• Oh, I complained about the airport thing at the time, Eric—during that exact same week, I was layout out mucho dinero for an engineer to design the driveway for my new house to the same specs as the airport runway, only I was also supposed to jump through some hoops involving conducting a pair of studies (IIRC) about plants and wildlife that would be harmed by the process. I don’t believe the airport folks had to do that.

  • Majunga, I have no idea of what you’re talking about. Like I said: you’ve got one strike and two more coming to you. If that’s a problem, start your own blog. I’ll even promote it on Charlottesville Blogs. I’m done playing semantic games with you here.

  • Eric, can I assume that you are a Sierra Club member? If so, then you prove my point.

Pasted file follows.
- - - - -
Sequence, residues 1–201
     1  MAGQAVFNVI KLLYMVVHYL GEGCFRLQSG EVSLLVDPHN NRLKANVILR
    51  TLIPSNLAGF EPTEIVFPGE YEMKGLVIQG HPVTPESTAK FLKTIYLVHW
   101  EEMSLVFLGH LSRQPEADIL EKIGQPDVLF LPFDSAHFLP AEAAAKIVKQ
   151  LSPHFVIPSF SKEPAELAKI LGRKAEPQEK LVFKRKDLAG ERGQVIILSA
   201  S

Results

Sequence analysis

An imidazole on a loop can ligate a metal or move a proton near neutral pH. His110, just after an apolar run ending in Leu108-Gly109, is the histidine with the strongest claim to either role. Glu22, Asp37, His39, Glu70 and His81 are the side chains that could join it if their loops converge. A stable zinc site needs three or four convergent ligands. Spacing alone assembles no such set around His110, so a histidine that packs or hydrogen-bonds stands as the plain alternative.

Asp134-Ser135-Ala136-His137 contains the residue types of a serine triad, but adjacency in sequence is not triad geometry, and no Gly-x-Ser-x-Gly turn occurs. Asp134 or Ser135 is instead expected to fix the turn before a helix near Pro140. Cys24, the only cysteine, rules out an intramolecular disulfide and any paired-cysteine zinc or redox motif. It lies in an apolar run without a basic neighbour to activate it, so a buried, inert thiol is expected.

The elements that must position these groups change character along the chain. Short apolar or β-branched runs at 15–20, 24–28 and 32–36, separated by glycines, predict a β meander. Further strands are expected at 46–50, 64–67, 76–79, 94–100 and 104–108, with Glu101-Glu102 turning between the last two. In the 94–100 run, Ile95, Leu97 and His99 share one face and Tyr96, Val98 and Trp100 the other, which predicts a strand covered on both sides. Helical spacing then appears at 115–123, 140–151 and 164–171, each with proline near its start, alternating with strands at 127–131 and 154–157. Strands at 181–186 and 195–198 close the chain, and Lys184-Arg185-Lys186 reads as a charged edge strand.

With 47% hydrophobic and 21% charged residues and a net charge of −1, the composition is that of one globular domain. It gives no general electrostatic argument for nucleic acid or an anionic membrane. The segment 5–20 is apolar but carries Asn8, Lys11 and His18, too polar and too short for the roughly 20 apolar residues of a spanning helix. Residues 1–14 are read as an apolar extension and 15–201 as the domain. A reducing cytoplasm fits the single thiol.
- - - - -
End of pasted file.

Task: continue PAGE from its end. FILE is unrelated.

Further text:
I’ll be the first to admit that Slutsky was not the most progressive candidate, but the Thomas had won, he jumped to say that he’d support Boyd’s agenda and vision for the County. Boyd has voted against every single environmental initiative the county has ever proposed during his term. So whether it be critical slope, stream buffers, land use revalidation, phasing and clustering, mountain top protection, etc. He’s opposed them all and Thomas will too. In fact, I’d be glad to wager a friendly bet, using Waldo’s system, that Thomas will even vote to roll back existing environmental protections, or will just stop enforcing ordinances and will indiscriminately issue waivers (which amounts to basically the same thing). Don’t like that? Pick your environmental metric, and put down some money.